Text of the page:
Half term and an army of grandparents converge on London main line stations, various children in tow. It’s definitely museum time and no doubt the Science Museum and other child friendly attractions are heaving. Grandparents can find themselves in the frontline of child care duties at this time, and I’m guessing for the vast majority it’s an absolute delight – especially when they can deposit their charges with the parents at the end of the day!
Grandparents are often a great source of stories and have accumulated a lifetime’s experience they love to share. With stories of family and community life, they are often a store of wisdom that can offer great insight into personal behaviour and relationships. How things were like then can inform the present. Despite huge technological advances and the explosion of social media in the first two decades of this century, fundamental truths about the nature of human relationships, caring and looking out for each other don’t change.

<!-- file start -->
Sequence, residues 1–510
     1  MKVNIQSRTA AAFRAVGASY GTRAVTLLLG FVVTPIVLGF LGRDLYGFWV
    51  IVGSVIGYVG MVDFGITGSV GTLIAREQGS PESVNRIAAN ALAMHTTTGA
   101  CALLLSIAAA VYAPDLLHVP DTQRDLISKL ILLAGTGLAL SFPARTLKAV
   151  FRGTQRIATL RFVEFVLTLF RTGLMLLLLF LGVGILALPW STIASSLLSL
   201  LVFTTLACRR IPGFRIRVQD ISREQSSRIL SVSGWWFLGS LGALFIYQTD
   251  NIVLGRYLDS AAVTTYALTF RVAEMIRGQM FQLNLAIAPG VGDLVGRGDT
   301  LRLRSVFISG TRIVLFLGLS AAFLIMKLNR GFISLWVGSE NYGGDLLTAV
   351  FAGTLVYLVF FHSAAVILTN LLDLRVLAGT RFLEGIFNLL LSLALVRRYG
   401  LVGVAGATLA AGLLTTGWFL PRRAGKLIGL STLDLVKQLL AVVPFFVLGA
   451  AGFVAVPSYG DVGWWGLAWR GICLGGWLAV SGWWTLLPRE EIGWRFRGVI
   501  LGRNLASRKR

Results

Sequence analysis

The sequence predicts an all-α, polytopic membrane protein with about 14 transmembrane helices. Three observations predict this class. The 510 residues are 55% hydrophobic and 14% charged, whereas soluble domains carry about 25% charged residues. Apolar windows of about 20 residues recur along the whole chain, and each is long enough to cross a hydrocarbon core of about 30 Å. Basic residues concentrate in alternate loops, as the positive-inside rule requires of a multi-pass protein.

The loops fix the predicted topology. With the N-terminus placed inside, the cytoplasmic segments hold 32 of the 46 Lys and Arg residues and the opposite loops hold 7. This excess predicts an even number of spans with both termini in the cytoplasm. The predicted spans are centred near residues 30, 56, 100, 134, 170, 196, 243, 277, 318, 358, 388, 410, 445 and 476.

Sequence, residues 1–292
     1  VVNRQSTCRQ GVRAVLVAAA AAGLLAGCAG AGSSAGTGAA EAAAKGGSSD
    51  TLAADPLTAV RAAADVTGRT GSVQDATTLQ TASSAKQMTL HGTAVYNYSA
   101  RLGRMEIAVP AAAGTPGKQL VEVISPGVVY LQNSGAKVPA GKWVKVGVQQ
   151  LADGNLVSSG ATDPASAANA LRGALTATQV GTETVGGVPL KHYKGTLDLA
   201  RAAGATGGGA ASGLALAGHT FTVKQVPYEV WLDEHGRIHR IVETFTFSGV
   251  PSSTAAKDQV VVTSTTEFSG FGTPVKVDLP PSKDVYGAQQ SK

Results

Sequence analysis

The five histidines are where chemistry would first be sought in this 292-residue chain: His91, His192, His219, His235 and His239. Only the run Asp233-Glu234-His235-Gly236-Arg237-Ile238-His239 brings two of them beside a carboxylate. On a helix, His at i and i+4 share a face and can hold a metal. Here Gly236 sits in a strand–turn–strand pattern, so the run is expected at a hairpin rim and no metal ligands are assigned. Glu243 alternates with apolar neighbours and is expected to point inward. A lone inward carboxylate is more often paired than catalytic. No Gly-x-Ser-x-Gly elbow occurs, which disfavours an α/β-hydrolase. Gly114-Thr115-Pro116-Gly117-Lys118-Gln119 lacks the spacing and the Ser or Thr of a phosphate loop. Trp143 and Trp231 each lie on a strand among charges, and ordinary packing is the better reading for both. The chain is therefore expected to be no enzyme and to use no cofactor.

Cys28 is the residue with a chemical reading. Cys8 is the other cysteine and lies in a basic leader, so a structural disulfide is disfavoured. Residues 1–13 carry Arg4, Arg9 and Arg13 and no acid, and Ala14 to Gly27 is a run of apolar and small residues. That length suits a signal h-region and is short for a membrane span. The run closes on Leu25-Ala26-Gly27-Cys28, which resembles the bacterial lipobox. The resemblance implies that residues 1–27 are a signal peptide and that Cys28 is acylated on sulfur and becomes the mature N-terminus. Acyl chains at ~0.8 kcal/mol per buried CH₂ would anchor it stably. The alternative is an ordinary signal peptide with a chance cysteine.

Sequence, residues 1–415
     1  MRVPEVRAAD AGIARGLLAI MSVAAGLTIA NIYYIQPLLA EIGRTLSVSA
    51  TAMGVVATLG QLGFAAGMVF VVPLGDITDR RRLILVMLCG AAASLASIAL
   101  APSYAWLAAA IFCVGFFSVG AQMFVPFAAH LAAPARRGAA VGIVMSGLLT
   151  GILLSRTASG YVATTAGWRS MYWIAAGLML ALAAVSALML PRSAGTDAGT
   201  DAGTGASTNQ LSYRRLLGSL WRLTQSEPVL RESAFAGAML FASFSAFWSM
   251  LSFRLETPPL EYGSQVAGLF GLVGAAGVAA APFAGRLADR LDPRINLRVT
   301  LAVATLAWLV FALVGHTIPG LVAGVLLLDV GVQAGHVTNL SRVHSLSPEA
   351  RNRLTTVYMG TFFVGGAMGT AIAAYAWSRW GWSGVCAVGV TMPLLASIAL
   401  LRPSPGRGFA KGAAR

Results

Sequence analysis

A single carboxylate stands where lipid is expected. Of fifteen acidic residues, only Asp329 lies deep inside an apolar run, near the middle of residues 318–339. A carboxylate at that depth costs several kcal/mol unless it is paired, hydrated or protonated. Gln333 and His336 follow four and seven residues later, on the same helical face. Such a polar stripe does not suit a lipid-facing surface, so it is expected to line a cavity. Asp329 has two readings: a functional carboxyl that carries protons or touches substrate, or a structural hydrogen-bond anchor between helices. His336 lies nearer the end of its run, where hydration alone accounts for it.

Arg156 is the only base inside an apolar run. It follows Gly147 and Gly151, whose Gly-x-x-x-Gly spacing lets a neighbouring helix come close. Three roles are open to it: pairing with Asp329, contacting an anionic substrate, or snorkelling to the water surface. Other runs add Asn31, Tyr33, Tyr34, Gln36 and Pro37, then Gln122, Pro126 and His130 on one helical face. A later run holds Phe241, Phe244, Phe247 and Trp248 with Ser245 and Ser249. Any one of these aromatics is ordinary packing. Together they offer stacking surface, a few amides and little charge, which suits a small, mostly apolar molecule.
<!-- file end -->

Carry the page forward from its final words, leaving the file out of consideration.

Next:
Safeguarding, identifying and tackling abuse are not new and yet the church and others can sometimes be picked on for being ‘politically correct’ because of the strength of its current emphasis. This can mask truths long hidden or result in oft quoted childhood memory examples such as ‘a clip around the ear never did me any harm’. However it’s also arguably the case that even the proverbial clip around the ear may have been prompted by a parental desire to protect a child from more serious harm. These days it’s probably hard to react calmly and quietly when your 5 year old wanders into the road on their scooter without looking. The explanation may have to come later!
But crucially we also know that childhood was not necessarily a pleasant, care-free or enjoyable experience for all and older relatives may well have been the source of trauma and distress. So as ever its wise to avoid generalisations and use the principle of ‘respectful uncertainty’ to guide us. We can’t assume a universal degree of benevolence.
However capturing and making best use of the wisdom and experience of caring and concerned elders is something we might need to harness more as we aim to make our churches safer spaces. They may have much to offer.